the American Association for the Advancement of Science
Fellows spend a year on the staff of a member of Con-
gress or a congressional committee working as a special
legislative assistant in legislative and policy areas requir-
ing scientific and technical input. The fellowship program
includes an orientation on congressional and executive
branch operations and a year-long seminar series on issues
involving science, technology, and public policy.
—AMS Washington Office
AMS Sponsors Exhibit on
The AMS sponsored an exhibit at the nineteenth annual
Coalition for National Science Funding (CNSF) exhibition
and reception on Capitol Hill on May 7, 2013. Philip T.
Gressman, University of Pennsylvania, presented work on
“The Boltzmann Equation: Where Mathematics and Science
Collide”. The exhibition drew more than 285 people, in-
cluding 10 members of Congress, to view thirty-five exhib-
its on research funded by the National Science Foundation.
Gressman and his colleague Robert M. Strain have
found solutions to a 140-year-old, seven-dimensional
equation that were not known to exist for more than a
century despite its widespread use in modeling the be-
havior of gases.
Professor Philip T. Gressman, University of
Pennsylvania, with Representative Eddie Bernice
Johnson (D-TX–30), Ranking Member of the House
Science, Space & Technology Committee.
Inside the AMS
The Boltzmann equation was developed to predict how
gaseous material distributes itself in space and how it
responds to changes in things like temperature, pressure,
or velocity. Using modern mathematical techniques from
the fields of partial differential equations and harmonic
analysis, Gressman and Strain proved the global existence
of classical solutions and rapid time decay to equilibrium
for the Boltzmann equation with long-range interactions.
Global existence and rapid decay imply that the equation
correctly predicts that the solutions will continue to fit
the system’s behavior and not undergo any mathematical
catastrophes such as a breakdown of the equation’s integ-
rity caused by a minor change within the equation. Rapid
decay to equilibrium means that the effect of an initial
small disturbance in the gas is short lived and quickly
The study also provides a new understanding of the
effects due to grazing collisions, when neighboring mol-
ecules just glance off one another rather than collide head
on. These glancing collisions turn out to be a dominant
type of collision for the full Boltzmann equation with
The Coalition for National Science Funding (CNSF) is an
alliance of more than one hundred twenty-five scientific
and professional societies and universities united by a
concern for the future vitality of the national science,
mathematics, and engineering enterprise. The coalition is
chaired by Samuel M. Rankin III, associate executive direc-
tor of the AMS and the director of its Washington office.
—AMS Washington Office
From the Public Awareness
Blog on Math Blogs—Two mathematicians tour the math-
ematical blogosphere. Editors Brie Finegold (University
of Arizona) and Evelyn Lamb (freelance math and science
writer) blog on blogs related to math in the news, math-
ematics research, applied mathematics, mathematicians,
mathematics education, math and the arts, and more.
Finegold and Lamb, both past AAAS-AMS Mass Media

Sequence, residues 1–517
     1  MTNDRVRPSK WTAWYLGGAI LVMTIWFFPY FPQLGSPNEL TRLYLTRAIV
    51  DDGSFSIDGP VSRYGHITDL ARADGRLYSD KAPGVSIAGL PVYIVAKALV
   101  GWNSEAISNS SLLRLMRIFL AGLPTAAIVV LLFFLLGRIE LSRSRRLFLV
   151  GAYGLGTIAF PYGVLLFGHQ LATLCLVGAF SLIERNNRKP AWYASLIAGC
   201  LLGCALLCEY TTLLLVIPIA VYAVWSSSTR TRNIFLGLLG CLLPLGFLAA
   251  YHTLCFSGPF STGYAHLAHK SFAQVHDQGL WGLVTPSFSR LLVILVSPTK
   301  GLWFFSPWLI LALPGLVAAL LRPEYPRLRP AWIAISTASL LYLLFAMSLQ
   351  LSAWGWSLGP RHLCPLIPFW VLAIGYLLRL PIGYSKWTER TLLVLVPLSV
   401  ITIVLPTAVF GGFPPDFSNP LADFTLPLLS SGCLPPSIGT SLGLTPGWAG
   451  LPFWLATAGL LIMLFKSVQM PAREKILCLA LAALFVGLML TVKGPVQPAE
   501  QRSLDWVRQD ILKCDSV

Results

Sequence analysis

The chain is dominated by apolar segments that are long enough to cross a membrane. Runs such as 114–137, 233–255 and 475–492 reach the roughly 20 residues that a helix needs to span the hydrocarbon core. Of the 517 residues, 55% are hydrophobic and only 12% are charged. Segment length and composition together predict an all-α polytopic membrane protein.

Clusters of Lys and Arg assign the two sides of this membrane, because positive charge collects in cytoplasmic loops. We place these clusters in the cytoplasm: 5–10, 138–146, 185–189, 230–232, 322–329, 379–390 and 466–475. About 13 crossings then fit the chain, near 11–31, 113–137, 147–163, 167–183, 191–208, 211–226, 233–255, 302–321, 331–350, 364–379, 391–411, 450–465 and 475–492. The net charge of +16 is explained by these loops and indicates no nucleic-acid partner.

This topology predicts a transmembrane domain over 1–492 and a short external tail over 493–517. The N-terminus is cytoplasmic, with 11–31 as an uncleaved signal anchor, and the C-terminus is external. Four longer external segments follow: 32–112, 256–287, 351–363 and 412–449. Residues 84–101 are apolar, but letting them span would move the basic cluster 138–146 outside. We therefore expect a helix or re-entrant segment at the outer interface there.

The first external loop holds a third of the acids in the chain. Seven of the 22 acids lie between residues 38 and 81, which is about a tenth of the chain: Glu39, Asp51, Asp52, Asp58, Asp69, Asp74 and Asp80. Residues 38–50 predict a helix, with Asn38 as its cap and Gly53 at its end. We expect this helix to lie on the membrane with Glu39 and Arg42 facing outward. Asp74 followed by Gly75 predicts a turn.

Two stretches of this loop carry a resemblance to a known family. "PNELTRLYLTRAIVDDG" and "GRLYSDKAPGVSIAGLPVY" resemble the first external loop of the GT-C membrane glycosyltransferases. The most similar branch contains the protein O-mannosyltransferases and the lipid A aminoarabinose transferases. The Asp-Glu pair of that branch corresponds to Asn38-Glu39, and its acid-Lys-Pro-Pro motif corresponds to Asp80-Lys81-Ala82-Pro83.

Fellows and Ph.D. mathematicians, select and write their
thoughts on interesting blogs from around the world, as
well as invite reactions from readers. Among the topics:
“This Week in Number Theory” and “Building the World
Digital Mathematical Library”.
Mathematical Imagery. Recently added: Selected
works from the 2013 Mathematical Art Exhibition held at
the Joint Mathematics Meetings in San Diego, additional
views of Carlo Séquin’s “125 tetrahedra in 25 projected
5-cells”, commissioned work to celebrate the AMS 125th
anniversary, and more origami works by Robert J. Lang.
—Annette Emerson and Mike Breen
AMS Public Awareness Officers
Deaths of AMS Members
Yousef Alavi, of Western Michigan University, died on
May 21, 2013. Born on March 19, 1928, he was a member
of the Society for 57 years.
Anne H. Allen, of Bennington, VT, died on May 23,
2012. Born on December 21, 1932, she was a member of
the Society for 50 years.
Kenneth I. Appel of Dover, NH, died on April 19, 2013.
Born on October 8, 1932, he was a member of the Society
for 54 years.
Fariborz Asadian, of Warner Robins, Georgia, died on
January 9, 2013. Born in August 1960, he was a member
of the Society for 23 years.
S. Elwood Bohn, of Green Valley, Arizona, died on
April 16, 2013. Born on March 11, 1927, he was a member
of the Society for 54 years.
Don L. Burkholder, professor, University of Illinois,
died on April 14, 2013. Born on January 19, 1927, he was
a member of the Society for 56 years.
Maxon Buscher, of Cambridge, Massachusetts, died on
February 8, 2013. Born on July 16, 1943, he was a member
of the Society for 4 days.
Amos Joel Carpenter, of Indianapolis, Indiana, died
on October 30, 2012. Born on May 12, 1939, he was a
member of the Society for 20 years.
Robert W. Carroll, professor, University of Illinois,
died on December 8, 2012. Born on May 10, 1930, he was
a member of the Society for 54 years.
William R. Fuller, of Lafayette, Indiana, died on Janu-
ary 7, 2013. Born on October 27, 1920, he was a member
of the Society for 62 years.
Wilfred Martin Greenlee, of Tucson, Arizona, died
on March 11, 2013. Born on December 31, 1936, he was a
member of the Society for 51 years.
Joan T. Hallett, of Reno, Nevada, died on Novem-
ber 27, 2012. Born on April 21, 1936, she was a member
of the Society for 35 years.
Seymour Kass, of Brookline, Massachusetts, died on
April 12, 2013. Born on April 13, 1926, he was a member
of the Society for 52 years.
John F. Kellaher, of Sherborn, Massachusetts, died
on September 19, 2012. Born on March 11, 1930, he was
a member of the Society for 52 years.
Shoshichi Kobayashi, professor, University of Cali-
fornia Berkeley, died on August 29, 2012. Born on Janu-
ary 4, 1932, he was a member of the Society for 56 years.
Documents you may be interested
Documents you may be interested